3. Flying solo

One area we both find the hardest is working from home and having to do most stuff for oneself. We both miss the workplace and connecting with people, the informal chats over tea or coffee and the asking of questions of colleagues which can open up new solutions to problems. Juggling multiple involvements with no back up has been a challenge.
During the many lockdowns I lined up walks with different people most days in order to attend to my need to connect and be with others (Stephen). Before, during and after lockdown, I have needed to purposefully arrange time to meet with others for conversation and mutual encouragement (Greg).

4. Consider volunteering

It is unlikely in this new phase of life, that you will need to have a full-time paid role, not that a labourer should not be rewarded for their work. There are many charities and other "for purpose" organisations that rely on volunteers to make the vital difference in the delivery of services.
Even if you do not "get outside the church bubble" as suggested below, consider giving some of your time to a local charity or other "for purpose" organisation. For example, could you volunteer in an aged care residential home to enhance the lives of residents through a skill you have, or simply spend time talking to residents to help relieve the scourge of loneliness.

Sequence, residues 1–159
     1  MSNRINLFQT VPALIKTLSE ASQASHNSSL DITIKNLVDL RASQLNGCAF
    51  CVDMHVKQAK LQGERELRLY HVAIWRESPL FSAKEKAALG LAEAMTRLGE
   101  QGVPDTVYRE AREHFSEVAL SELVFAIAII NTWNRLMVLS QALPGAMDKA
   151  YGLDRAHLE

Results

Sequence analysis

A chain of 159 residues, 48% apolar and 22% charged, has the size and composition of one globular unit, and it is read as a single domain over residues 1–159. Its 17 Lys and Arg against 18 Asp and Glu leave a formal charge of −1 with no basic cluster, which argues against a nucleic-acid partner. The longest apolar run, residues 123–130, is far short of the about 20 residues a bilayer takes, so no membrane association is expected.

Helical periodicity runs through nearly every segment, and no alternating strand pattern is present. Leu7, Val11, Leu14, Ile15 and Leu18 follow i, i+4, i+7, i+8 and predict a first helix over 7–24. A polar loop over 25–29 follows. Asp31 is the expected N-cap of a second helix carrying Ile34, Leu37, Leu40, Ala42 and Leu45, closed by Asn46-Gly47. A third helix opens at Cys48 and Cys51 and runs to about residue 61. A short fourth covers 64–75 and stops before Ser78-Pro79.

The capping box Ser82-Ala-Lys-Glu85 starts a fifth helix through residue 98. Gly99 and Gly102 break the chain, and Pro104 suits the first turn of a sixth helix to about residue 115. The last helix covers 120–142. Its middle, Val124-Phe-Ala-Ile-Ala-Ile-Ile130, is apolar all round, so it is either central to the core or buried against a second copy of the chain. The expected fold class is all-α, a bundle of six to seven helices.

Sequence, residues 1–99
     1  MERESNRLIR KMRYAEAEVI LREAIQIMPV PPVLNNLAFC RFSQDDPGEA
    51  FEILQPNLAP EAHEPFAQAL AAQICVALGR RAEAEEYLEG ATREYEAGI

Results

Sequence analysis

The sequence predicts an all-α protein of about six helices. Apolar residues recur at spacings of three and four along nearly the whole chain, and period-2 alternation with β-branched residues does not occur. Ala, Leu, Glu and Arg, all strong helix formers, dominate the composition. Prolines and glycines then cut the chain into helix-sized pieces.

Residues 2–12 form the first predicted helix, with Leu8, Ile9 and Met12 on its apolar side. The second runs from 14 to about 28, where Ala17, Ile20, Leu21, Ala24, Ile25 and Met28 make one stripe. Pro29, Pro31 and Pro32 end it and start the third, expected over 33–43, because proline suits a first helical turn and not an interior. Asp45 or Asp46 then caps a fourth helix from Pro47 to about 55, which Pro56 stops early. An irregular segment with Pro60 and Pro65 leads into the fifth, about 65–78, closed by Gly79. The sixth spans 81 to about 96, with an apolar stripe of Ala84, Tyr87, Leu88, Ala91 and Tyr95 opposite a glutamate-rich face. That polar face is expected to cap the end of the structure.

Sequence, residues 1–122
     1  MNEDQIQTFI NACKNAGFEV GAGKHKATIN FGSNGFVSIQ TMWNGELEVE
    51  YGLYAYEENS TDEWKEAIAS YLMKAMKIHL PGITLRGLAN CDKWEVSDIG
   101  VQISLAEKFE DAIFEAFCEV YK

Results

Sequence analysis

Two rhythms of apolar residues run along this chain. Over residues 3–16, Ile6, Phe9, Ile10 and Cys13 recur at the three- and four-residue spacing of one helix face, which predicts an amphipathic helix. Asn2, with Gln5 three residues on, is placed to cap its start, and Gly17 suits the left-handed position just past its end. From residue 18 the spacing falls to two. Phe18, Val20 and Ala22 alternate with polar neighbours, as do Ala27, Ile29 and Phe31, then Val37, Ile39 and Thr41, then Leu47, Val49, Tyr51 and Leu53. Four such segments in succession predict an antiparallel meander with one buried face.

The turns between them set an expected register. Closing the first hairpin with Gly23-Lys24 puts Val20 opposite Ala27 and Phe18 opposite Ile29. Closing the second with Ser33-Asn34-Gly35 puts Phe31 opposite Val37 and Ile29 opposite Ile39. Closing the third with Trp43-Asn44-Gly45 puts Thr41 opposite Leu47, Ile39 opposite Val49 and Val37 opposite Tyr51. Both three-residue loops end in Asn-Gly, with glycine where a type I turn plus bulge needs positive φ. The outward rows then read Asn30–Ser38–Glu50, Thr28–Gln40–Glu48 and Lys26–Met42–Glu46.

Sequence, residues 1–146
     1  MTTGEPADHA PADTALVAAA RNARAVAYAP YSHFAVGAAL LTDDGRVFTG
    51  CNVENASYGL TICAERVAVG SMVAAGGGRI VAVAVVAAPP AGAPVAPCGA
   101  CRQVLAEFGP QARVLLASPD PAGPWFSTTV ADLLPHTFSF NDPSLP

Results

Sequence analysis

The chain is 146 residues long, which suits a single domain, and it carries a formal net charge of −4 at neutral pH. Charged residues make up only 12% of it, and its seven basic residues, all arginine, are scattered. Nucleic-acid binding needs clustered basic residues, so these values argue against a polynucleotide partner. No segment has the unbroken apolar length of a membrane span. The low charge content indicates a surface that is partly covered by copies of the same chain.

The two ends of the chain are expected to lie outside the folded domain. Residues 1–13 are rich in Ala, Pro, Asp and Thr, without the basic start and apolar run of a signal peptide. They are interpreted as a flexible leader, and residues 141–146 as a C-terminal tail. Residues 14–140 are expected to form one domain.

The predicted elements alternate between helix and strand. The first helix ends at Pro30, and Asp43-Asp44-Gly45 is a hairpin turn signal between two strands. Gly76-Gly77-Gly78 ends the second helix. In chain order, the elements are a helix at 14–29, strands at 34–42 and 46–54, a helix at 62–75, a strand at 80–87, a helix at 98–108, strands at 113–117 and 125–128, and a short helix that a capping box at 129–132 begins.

5. Exercise more

During lockdowns there wasn't much else one could do, but it did have its rewards and is a key thing to build into one's life when it's not as dominated by paid work. It builds resilience and guards against the creep of inertia! (Stephen)
In working from home, and using public transport less (especially since the pandemic began), I have found myself walking less and missing the quiet thinking time that came with short walks to the rail station, between meetings etc. It is important to not only find time for exercise, but also find new ways to quietly think about the challenges of the day or week.

6. Keep reading and engaging